Chairman Najib makes his NSC debut

S Thayaparan

Modified 5 Nov 2016, 12:08 am

“Any excuse will serve a tyrant.”

- Aesop

I feel bad for DAP Petaling Jaya Utara MP Tony Pua concerning his recent run-in with the Malaysian Communications and Multimedia Commission (MCMC). These days, referring to Prime Minister Najib Abdul Razak as Malaysian Official Number 1 could get you into trouble.

The last time I wrote about the honourable gentleman representing PJ Utara, I took a swipe at his rhetoric about the twin by-elections and made the claim of how a win or a loss would change very little.

As I said, Najib should resign but will not. “Najib loyalists are wallowing in the fact that Najib’s authoritarian measures ensure his political stability because there are no democratic or legitimate means to oust him from office. What is left is the internal mechanism of Umno, which has been greased by the ‘cash is king’ dictum.”

In a recent New York Times piece about the untouchability of Najib and the unnamed plotters who had asked for his resignation, Pua is reported as saying, “They took it for granted that he was a sitting duck. He turned the tables on them.”

From the same article, here is a description of our current prime minister: “The bank transfers are not the first scandal to threaten the career of Mr Najib, 63, one of America’s most important allies in Southeast Asia. Over the years, he has been accused of having ties to a murder, taking kickbacks from the purchase of military hardware and helping concoct a criminal prosecution against a rival.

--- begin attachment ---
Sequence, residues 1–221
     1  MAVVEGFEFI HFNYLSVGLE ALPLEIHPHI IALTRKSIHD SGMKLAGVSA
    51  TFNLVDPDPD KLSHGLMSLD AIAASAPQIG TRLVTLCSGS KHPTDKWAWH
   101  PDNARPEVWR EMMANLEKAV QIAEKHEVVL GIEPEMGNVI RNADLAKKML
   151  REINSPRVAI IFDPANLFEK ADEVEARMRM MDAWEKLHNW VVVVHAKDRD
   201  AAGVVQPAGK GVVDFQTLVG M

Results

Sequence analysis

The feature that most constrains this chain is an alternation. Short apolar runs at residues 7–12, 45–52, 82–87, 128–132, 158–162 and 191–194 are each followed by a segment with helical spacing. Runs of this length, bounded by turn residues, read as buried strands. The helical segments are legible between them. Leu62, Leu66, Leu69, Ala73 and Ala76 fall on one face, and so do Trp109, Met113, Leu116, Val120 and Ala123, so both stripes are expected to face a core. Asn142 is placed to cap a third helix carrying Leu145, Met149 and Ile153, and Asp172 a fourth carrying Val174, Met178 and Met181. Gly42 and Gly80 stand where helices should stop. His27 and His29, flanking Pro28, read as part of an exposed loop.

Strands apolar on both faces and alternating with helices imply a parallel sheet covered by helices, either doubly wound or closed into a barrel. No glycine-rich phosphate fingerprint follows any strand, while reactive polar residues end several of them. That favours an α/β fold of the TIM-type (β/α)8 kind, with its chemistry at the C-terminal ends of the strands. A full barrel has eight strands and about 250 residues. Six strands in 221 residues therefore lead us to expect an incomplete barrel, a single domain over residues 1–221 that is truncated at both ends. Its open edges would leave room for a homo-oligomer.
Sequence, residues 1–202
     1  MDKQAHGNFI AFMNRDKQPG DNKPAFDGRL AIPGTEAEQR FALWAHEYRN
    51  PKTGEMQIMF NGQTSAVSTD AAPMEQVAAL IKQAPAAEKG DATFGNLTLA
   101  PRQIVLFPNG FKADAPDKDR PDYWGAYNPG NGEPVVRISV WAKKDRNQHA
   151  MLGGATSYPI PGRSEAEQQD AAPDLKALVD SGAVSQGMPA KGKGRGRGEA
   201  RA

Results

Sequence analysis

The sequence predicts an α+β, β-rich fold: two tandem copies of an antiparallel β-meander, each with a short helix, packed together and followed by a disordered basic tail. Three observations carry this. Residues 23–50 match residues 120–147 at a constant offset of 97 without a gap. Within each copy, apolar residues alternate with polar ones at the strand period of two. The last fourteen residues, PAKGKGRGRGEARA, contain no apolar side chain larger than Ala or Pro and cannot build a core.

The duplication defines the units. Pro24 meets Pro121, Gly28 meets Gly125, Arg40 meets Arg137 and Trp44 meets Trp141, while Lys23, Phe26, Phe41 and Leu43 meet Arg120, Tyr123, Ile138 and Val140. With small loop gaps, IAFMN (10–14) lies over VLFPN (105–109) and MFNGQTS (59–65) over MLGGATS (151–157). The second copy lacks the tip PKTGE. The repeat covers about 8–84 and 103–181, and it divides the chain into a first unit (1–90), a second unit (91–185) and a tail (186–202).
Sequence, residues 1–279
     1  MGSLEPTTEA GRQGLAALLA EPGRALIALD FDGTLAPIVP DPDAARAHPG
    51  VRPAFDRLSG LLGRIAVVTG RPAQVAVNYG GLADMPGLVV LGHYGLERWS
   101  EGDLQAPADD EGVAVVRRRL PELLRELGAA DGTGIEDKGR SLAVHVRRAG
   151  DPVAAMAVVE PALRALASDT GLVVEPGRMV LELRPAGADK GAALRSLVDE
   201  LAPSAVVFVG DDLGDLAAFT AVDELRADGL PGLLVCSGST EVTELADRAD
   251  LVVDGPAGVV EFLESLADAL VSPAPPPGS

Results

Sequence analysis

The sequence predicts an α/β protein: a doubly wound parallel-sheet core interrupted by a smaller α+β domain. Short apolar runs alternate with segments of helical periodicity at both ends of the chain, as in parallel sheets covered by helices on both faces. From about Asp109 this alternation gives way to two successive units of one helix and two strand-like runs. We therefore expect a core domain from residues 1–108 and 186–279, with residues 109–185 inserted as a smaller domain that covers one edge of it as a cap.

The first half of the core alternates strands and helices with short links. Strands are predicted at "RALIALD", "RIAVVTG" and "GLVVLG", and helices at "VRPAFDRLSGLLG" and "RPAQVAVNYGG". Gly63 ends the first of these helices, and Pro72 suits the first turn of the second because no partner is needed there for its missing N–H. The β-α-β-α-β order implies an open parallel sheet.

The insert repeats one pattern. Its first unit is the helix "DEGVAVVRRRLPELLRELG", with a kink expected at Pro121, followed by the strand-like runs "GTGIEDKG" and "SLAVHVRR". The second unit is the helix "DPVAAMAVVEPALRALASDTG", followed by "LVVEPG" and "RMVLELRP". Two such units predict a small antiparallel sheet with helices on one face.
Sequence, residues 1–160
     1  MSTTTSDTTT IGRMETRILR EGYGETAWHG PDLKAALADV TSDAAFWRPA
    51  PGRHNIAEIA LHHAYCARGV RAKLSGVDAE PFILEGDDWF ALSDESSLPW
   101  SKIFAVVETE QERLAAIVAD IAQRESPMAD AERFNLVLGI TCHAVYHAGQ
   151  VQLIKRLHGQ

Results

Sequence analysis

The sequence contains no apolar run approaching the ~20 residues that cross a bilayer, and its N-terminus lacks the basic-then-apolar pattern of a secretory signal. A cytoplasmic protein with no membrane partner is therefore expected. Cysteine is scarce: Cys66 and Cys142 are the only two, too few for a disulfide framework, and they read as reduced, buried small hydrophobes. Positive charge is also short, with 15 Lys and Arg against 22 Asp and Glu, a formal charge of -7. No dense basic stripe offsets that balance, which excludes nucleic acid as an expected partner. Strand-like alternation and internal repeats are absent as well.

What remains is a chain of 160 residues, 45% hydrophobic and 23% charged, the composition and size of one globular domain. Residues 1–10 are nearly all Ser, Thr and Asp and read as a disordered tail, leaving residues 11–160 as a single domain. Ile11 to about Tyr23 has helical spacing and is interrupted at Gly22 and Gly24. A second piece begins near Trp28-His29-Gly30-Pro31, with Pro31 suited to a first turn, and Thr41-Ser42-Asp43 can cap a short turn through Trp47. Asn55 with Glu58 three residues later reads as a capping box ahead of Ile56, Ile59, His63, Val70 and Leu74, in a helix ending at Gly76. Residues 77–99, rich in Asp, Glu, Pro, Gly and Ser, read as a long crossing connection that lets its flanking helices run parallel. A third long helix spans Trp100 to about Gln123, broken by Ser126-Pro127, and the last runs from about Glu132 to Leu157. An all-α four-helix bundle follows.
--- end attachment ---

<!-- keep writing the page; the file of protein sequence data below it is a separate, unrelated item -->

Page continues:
“He has deployed the formidable powers of his office to impede investigations, silence critics, block media outlets and maintain the backing of his largely rural, Muslim base. He has deftly played Malaysia’s brand of money politics, distributing cash to buy party leaders’ loyalty.

“As prime minister, he oversees Parliament, the cabinet, the police and the intelligence branch. As president of the governing party, he decides who holds key leadership positions and sits atop a vast patronage system that affects the wealth and livelihood of thousands of people.”

A couple of days ago the National Security Council (NSC) Act 2016 came into force. Did anyone, besides the usual suspects, bother to read the bill? Did anyone really care? When the Act came into force, a BBC newscaster asked a local pollster if there was any opposition to it and the response was that they were concerns raised by “civil society” because of the dodgy record of the Umno regime. How quaint, I thought...

All Access Plan
starting from


per month
Subscribe Now
You can cancel anytime.
Get unlimited access to our articles on web and apps
Add comments to our articles
Bookmark articles to read later
We accept
Student or Senior Citizen? Get a special rateGroup / Institutional / Corporate Plans
Already Subscribed?
Sign In